EIA report shows growth of renewable energy sources

Source: Robert Pore • Grand Island Independent  • Posted: Monday, January 9, 2012

For the first nine months of 2011, renewable energy sources – biomass/biofuels, geothermal, solar, water and wind – provided 11.95 percent of domestic U.S. energy production. That compares to 10.85 percent for the same period in 2010 and 10.33 percent in 2009.

— Looking at all energy sectors – electricity, transportation and thermal – renewable energy output, including hydropower, grew by 14.44 percent in 2011, compared to 2010. Among the renewable energy sources, conventional hydropower provided 4.35 percent of domestic energy production during the first nine months of 2011, followed by biomass (3.15 percent), biofuels (2.57 percent), wind (1.45 percent), geothermal (0.29 percent), and solar (0.15 percent).

— On the consumption side, which includes oil and other energy imports, renewable sources accounted for 9.35 percent of total U.S. energy use during the first nine months of 2011.

“Notwithstanding the recession of the past three years, renewable energy sources have experienced explosive rates of growth that other industries can only envy,” said Ken Bossong, executive director of the SUN DAY Campaign. “The investments in sustainable energy made … have paid off handsomely underscoring the short-sightedness of emerging proposals to cut back on or discontinue such support.”

Bossong’s statement is true for what ethanol production has done to help Nebraska’s economy during the ongoing recession.

Ethanol production has become one of the driving engines of Nebraska agriculture. It’s also a contributing factor to higher commodity prices for both crops and livestock, and a factor in higher agricultural land prices because of the wealth that ethanol production has created.

According to the Renewable Fuels Association (RFA) – a lobbying organization which promotes policies, regulations and research and development initiatives that lead to the increased production and use of ethanol fuel – America’s ethanol industry has been in a state of rapid evolution since the beginning of 2000. RFA noted “record-setting production, policy development and market expansion have all moved forward with dramatic speed and helped to create the world’s largest, most efficient, most cost effective renewable fuels industry.”

The RFA has created a list of the top five ethanol stories for 2011:

— EPA gives final approval to E15 for MY2001 and newer vehicles – For the first time ever, Americans driving conventional vehicles have the opportunity to choose ethanol blends in excess of 10 percent.

— The end of VEETC and the secondary tariff – Without protest, U.S. ethanol producers allowed the $0.45 per gallon tax incentive for ethanol blending to expire. The offsetting secondary tariff on imported ethanol will also expire.

— U.S. exports set all-time highs – An estimated one billion gallons of denatured and undenatured ethanol – gallons never blended with gasoline or eligible for the tax incentive – were exported in 2011. Additionally, U.S. exports of ethanol feed co-products, largely distillers grains, also surged. An estimated 8 to 9 million metric tons of this high value livestock feed was exported in 2011.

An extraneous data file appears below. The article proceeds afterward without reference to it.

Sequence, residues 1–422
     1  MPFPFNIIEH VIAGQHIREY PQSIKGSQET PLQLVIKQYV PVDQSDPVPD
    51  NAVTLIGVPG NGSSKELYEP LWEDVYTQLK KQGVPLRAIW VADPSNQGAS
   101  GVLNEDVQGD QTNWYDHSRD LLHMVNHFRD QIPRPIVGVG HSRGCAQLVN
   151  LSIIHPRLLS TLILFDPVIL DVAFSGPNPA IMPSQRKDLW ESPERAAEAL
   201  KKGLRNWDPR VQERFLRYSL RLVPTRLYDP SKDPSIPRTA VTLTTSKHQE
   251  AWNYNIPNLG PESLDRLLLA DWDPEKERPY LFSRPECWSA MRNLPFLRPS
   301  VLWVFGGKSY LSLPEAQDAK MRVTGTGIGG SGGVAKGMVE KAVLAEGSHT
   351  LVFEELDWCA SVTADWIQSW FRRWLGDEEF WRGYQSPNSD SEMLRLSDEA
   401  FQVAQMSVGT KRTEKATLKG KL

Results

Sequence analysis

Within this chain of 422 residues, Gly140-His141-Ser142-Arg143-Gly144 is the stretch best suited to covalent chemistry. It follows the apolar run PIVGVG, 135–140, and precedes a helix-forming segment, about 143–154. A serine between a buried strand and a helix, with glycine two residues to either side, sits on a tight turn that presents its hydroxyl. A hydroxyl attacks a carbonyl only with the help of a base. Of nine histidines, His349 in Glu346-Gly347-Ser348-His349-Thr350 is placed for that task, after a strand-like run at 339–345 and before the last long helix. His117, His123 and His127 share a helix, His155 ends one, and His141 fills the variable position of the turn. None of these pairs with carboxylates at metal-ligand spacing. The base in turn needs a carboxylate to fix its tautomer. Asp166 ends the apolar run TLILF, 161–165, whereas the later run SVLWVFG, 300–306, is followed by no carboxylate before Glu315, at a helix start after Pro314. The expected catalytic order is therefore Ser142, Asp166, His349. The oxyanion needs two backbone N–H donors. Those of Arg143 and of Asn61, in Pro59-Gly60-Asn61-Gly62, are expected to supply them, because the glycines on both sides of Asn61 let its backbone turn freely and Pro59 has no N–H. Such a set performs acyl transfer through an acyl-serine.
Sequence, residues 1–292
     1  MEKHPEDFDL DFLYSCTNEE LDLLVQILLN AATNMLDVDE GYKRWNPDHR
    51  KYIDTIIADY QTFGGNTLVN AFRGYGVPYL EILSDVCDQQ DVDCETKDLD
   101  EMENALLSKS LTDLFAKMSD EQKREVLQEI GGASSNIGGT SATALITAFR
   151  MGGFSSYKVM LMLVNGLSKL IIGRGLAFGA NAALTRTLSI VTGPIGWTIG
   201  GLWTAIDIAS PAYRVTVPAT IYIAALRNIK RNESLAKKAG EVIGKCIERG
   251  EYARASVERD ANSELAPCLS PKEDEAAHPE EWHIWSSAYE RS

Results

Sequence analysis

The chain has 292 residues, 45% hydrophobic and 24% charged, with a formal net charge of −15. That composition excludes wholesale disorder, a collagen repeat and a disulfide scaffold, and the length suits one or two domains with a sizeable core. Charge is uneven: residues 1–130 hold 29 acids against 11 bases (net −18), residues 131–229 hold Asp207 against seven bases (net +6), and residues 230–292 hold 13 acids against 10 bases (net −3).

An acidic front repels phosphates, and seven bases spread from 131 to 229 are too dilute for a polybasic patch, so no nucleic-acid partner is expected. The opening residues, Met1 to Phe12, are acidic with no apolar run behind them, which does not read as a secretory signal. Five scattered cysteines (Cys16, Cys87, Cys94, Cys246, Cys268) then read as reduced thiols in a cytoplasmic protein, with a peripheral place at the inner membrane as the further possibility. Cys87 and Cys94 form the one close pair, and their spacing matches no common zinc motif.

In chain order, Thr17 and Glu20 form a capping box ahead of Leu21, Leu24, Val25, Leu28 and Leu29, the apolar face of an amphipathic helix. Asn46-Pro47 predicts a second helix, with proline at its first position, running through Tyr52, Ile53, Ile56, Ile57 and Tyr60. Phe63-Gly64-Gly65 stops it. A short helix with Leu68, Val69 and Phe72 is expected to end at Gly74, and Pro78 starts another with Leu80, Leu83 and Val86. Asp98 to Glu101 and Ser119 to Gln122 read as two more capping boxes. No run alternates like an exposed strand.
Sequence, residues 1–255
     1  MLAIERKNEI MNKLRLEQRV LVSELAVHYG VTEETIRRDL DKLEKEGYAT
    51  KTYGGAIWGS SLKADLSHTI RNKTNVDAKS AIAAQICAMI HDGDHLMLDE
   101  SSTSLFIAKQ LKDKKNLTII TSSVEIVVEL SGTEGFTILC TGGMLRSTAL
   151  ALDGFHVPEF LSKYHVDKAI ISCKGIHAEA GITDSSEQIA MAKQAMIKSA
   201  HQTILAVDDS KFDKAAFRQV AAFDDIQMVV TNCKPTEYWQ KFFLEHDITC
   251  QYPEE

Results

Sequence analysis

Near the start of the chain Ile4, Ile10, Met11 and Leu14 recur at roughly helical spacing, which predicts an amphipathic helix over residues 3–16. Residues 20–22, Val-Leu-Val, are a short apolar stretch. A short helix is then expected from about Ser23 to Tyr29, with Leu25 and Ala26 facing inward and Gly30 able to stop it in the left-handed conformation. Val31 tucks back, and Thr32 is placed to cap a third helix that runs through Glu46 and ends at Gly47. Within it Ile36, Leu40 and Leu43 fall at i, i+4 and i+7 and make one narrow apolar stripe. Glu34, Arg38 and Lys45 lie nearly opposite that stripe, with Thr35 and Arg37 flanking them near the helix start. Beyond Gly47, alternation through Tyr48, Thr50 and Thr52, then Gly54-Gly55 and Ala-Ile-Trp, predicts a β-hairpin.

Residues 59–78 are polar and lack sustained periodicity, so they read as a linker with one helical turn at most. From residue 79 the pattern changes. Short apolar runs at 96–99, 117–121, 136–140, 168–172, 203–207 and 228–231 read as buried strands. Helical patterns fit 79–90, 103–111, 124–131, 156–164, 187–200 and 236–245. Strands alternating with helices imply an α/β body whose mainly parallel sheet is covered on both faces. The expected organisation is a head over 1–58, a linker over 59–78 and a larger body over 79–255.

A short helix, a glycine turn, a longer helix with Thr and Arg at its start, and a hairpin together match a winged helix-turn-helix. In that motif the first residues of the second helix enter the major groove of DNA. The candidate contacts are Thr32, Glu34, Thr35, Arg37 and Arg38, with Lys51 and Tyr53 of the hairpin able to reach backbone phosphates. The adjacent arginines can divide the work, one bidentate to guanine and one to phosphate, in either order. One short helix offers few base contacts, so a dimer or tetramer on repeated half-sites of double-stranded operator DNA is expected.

— Restarting the advanced and cellulosic ethanol engine – A number of advanced and cellulosic ethanol companies – including Abengoa, Coskata and Mascoma – are beginning construction on ethanol biorefineries that will expand America’s ability to fuel its economy with a broader range of renewable feedstocks.

— Emergence of the integrated biorefinery model – Today, about 40 percent of all ethanol facilities are capturing and selling corn oil. An ever-increasing number of ethanol producers are also deploying technologies to produce proteins, biochemicals and other co-products that can further displace oil in marketplace.

The top five stories to watch for U.S. ethanol in 2012, according to RFA, are:

— First commercial availability of E15 blends for vehicles made in 2001 or later – The RFA is working to finalize federal requirements to certify E15 blends. Once completed, getting E15 blends into the marketplace becomes a state-by-state march, with some states like Iowa and Illinois ready to go as soon as the federal requirements are completed.

— Free and fair trade of ethanol – In addition to being the world’s largest producer, consumer and exporter of ethanol, American ethanol producers are also the lowest cost producer. With this emergence, new challenges from ethanol interests in other nations have arisen. Whether it is the European Union anti-dumping investigation or the vacillating ethanol policies in Brazil, a fair resolution to trade challenges will be important to the continued growth and evolution of domestic ethanol production.

— Legal activity – The upcoming year promises to see a great deal of legal activity surrounding American ethanol use. The recent ruling by a federal judge that California’s Low Carbon Fuel Standard (LCFS) is unconstitutional will be appealed. And arguments in the oil/food processing/environmental lobbying industry lawsuit against EPA’s approval of E15 have yet to be heard.

— Renewable Fuel Standard (RFS) challenges – The RFA anticipates opposition to the RFS to intensify in 2012.

— Answering cellulosic ethanol challengers – Construction is slated to begin on commercial scale cellulosic ethanol biorefineries with production to follow in early 2013. These facilities would be the first commercial-scale project of their kind in the world. In order to assure these efforts are successful, Congress must renew key tax provisions for cellulosic ethanol producers before they expire at year’s end.